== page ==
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Design, development and production of nano-particle-based anticancer vaccine targeting human aspartyl (asparaginyl) β-hydroxylase (HAAH)
  1. Biswajit Biswas1,
  2. Solomon Stewart1,
  3. Kanam Malhotra1,
  4. Michael Lebowitz1,
  5. Steven Fuller1,
  6. Carl Merril1 and
  7. Hossein Ghanbari1
  1. Aff1 grid.423372.3Panacea Pharmaceuticals Inc. Gaithersburg MD USA

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Meeting abstracts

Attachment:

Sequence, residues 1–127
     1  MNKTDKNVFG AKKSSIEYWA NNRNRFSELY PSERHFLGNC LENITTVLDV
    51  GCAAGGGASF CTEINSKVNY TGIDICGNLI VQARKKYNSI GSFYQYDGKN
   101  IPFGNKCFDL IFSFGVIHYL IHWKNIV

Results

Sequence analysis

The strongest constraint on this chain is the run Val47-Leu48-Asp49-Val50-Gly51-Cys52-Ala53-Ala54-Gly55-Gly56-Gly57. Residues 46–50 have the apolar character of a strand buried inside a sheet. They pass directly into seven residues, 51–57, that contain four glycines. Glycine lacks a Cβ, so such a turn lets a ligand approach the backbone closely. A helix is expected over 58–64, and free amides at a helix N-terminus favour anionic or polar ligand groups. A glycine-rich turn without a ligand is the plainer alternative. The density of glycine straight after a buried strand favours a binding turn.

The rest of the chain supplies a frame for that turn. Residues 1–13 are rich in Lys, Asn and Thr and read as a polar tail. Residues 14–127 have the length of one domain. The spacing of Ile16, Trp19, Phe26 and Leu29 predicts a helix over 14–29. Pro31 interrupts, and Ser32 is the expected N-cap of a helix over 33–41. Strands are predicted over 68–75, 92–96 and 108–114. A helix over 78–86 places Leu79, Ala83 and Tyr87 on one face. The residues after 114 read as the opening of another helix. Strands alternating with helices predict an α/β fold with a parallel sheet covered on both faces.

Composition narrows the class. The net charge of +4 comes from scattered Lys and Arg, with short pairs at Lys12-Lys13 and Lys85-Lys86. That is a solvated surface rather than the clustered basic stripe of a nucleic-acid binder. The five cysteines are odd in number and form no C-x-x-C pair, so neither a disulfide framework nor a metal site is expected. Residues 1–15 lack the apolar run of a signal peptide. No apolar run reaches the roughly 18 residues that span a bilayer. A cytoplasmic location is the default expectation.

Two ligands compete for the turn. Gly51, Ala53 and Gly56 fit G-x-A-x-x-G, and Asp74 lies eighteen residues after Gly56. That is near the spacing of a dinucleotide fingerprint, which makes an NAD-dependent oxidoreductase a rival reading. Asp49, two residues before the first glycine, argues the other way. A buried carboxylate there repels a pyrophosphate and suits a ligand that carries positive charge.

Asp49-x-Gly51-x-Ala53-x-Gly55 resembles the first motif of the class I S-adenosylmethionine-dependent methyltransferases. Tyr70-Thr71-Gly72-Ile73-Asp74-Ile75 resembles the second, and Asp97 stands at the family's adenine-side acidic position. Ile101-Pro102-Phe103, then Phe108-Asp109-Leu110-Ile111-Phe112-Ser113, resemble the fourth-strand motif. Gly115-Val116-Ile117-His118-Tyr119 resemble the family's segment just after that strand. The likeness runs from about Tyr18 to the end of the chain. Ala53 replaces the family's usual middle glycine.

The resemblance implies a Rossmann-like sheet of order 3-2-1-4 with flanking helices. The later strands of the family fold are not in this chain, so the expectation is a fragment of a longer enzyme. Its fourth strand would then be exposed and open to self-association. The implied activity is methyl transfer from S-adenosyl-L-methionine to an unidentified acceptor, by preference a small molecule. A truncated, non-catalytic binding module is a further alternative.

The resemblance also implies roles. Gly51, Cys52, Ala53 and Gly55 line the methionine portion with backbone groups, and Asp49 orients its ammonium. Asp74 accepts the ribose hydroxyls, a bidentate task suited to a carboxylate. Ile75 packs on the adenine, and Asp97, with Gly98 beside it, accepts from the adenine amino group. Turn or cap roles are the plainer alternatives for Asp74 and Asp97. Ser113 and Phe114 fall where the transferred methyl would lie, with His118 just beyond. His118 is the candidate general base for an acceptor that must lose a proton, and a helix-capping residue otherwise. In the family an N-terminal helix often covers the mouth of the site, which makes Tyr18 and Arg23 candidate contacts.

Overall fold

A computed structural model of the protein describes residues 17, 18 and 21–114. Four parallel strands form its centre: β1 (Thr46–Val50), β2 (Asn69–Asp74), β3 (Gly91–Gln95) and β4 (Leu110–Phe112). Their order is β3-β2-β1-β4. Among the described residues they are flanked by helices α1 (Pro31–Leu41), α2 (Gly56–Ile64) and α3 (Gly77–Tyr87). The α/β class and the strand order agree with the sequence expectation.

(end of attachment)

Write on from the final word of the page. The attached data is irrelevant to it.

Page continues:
HAAH is a protein that is over-expressed in cancer cells and is presented on the surface of the cells and in the growth zone of the tumors. It plays a central role in the etiology of cancer, namely, in proliferation, motility and invasion. It is, however, an embryonic protein important during development and, as such, is a self protein to which the immune system is tolerized. We are targeting HAAH to develop an immunotherapy for cancer. To overcome the self-antigen tolerance of the molecule, we have designed a vaccine entity that contains an immunostimulant and presents HAAH in a manner that is unfamiliar to the body. We have expressed three portions of the HAAH protein, sequences from the N-terminus, middle portion and C-terminus, as fusion proteins (with the gpD bacteriophage antigen) on the surface of bacteriophage lambda, generating 200-300 copies per phage. These vaccine entities have been characterized and are readily and routinely produced at a level of 1012 plaque-forming units (pfu) per liter of E. coli culture. The bacteriophage vaccines have been successfully isolated and purified using tangential flow filtration, a highly scalable process, as well as by PEG precipitation followed by exhaustive dialysis. Both of these processes have reduced bacterial endotoxins to levels within FDA guidelines for formulated human doses. The ease and yield of the manufacturing process allow production of approximately 1000 human doses (based on our anticipated dose requirement for immunogenicity in human subjects) per liter of culture. The bacteriophage can be rendered noninfectious by ultraviolet irradiation; hence referred to as nano-particle-based vaccine. We have demonstrated in previous passive immunotherapy studies that monoclonal antibodies to HAAH inhibit in vitro tumor cell growth, motility and invasiveness and inhibit in vivo tumor growth in mouse xenograft models of cancer. Building on these results, we are using the therapeutic cancer vaccine described here to overcome the self-tolerance to HAAH by the presentation of the altered HAAH antigen (the fusion proteins using HAAH fragments) on a solid phase and the immunomodulatory effect of the bacteriophage itself in recruiting dendritic cells to this antigen. This vaccine should therefore produce a strong polyclonal antibody response and a cellular immune response that will result in enhanced inhibition of tumor cell function and efficacy as an anti-cancer immunotherapeutic agent.